The key elements of the DSA include the following:

  • Updated Rules of Liability and Takedown Requirements. The DSA maintains the concept of immunity for online intermediaries (such as internet access providers, domain name registrars and hosting services) that act as mere conduits for communications, i.e. by providing temporary storage, caching or hosting of illegal content, provided certain requirements are met. However, hosting providers and online platforms must now establish user-friendly, easy-to-use notice and takedown mechanisms for illegal content.

    Online platforms must also take measures to prevent misuse of their platforms and takedown mechanisms. Subject to certain notification obligations and conditions, online platforms must also suspend their services to users that frequently provide manifestly illegal content; conversely, online platforms must also suspend processing of complaints by users where such users frequently submit complaints that are manifestly unfounded.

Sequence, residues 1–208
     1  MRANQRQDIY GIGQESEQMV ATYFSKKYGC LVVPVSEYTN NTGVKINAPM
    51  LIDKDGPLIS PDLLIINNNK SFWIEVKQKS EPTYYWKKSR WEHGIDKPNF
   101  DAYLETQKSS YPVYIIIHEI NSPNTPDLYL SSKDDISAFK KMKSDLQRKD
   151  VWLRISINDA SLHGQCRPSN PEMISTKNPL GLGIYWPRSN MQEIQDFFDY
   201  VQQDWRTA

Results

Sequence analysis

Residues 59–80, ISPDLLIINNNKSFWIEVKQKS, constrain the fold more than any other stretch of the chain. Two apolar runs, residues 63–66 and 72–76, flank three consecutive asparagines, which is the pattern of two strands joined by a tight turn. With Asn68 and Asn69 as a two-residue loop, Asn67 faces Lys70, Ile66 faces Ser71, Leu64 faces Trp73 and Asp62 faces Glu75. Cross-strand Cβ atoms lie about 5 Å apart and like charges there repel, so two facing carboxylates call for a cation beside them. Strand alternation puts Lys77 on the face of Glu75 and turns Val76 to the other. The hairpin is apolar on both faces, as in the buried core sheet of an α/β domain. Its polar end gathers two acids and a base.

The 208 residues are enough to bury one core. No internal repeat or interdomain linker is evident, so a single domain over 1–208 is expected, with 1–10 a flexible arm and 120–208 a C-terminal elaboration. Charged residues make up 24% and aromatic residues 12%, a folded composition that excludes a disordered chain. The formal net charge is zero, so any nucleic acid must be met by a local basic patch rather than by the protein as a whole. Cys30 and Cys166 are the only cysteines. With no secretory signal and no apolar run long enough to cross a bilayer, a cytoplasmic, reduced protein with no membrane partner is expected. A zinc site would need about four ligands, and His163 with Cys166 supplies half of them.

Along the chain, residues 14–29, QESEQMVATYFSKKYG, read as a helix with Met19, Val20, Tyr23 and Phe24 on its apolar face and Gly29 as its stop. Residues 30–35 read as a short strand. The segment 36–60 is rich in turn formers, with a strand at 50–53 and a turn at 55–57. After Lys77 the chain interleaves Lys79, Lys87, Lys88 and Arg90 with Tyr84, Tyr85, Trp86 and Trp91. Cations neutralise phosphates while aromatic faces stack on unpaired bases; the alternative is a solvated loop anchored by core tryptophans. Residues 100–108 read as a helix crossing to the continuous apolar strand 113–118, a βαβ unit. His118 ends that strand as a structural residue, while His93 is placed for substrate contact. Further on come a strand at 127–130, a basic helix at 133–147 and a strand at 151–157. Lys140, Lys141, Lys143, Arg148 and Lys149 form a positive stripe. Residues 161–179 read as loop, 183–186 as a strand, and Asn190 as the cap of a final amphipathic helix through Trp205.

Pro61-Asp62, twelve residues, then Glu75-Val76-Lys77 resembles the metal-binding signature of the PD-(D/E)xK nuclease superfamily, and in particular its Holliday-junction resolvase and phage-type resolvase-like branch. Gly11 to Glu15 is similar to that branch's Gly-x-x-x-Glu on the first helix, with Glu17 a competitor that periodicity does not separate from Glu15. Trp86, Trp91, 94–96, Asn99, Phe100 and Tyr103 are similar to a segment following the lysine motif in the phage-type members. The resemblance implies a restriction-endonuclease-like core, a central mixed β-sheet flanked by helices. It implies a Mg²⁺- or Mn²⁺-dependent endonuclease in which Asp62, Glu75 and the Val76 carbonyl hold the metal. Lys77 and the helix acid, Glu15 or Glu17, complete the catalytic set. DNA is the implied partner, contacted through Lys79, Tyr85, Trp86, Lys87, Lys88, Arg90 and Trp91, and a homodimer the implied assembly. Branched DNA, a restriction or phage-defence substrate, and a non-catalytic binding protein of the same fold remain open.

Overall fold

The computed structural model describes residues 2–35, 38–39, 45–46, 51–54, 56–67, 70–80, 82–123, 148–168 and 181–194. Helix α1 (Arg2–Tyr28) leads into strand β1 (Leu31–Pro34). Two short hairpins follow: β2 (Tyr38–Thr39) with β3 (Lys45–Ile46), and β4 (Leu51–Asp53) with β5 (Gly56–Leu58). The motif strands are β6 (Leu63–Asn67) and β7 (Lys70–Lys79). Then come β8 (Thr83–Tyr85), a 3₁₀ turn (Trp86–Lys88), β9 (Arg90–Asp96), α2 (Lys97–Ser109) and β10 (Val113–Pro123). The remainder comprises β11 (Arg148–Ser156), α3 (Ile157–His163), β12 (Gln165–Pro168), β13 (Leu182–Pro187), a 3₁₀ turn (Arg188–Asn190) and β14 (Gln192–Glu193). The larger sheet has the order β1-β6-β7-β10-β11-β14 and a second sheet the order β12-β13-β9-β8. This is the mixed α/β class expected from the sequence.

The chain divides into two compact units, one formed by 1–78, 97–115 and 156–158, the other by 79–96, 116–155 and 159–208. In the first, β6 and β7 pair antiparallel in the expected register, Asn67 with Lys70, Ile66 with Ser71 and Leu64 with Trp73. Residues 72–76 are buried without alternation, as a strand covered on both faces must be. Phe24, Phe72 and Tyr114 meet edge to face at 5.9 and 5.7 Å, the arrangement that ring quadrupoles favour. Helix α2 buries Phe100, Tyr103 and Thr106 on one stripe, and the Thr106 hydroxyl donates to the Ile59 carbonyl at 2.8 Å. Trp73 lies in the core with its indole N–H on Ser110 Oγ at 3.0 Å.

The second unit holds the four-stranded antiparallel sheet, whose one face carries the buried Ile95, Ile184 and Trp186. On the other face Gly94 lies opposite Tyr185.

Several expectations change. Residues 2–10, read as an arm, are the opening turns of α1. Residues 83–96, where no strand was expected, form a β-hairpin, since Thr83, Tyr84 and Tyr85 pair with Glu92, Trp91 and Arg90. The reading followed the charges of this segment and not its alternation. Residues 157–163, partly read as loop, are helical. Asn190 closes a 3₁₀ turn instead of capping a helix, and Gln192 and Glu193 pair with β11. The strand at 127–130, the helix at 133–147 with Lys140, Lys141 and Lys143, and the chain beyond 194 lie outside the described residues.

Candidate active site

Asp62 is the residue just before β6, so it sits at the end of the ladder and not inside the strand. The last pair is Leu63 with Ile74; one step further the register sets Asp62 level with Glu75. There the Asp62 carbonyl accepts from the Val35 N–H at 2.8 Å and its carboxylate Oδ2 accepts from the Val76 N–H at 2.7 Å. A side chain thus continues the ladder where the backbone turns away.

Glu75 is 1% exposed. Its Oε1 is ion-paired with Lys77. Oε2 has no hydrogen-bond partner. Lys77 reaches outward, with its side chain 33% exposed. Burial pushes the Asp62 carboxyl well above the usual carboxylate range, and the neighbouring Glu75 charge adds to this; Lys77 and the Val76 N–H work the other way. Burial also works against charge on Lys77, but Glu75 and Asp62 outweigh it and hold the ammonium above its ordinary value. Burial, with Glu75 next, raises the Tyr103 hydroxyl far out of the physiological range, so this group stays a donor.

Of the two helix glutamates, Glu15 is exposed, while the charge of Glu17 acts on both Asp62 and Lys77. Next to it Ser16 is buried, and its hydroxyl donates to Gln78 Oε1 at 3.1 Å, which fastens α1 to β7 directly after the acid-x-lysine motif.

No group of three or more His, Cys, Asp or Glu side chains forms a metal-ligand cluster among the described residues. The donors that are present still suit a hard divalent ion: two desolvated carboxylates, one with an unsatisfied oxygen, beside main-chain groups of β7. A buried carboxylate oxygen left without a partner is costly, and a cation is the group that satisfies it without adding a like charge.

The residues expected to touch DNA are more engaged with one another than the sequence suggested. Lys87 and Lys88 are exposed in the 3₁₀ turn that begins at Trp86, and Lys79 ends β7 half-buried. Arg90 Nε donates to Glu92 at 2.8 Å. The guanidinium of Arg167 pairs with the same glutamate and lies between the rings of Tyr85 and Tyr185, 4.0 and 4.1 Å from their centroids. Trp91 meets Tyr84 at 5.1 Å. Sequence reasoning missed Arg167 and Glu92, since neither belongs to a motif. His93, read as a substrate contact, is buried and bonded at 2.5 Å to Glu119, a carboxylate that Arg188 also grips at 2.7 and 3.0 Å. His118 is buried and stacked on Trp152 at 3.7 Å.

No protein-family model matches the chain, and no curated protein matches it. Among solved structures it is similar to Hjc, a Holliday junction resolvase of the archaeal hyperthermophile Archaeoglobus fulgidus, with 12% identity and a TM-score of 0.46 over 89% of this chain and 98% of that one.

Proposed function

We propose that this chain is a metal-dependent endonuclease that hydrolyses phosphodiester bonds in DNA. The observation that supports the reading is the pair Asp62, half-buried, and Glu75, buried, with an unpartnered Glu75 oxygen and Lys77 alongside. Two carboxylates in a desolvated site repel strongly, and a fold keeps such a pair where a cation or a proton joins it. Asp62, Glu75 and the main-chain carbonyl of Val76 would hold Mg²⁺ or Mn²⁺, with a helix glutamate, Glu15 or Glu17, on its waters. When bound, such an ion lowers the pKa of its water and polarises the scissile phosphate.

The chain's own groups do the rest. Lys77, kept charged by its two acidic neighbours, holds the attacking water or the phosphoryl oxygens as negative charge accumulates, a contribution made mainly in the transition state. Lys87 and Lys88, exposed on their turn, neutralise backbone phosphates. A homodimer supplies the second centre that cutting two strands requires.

Online platforms will need to establish an internal complaint-handling procedure for their users that is easy to access and user-friendly. If a user does not agree with the platform’s decision or action on a complaint, the user has the right to select an out-of-court dispute settlement body to resolve the dispute. The DSA would establish “Digital Service Coordinators” in each Member State that can offer such dispute resolution services. The DSA exempts online platforms that qualify as micro or small enterprises from these requirements.

    The DSA also establishes the concept of “trusted flaggers,” which are independent entities approved by the Digital Service Coordinators that have particular expertise and competence for the purposes of detecting, identifying and notifying illegal content. These trusted flaggers can submit takedowns even if they are not the subject of the illegal content.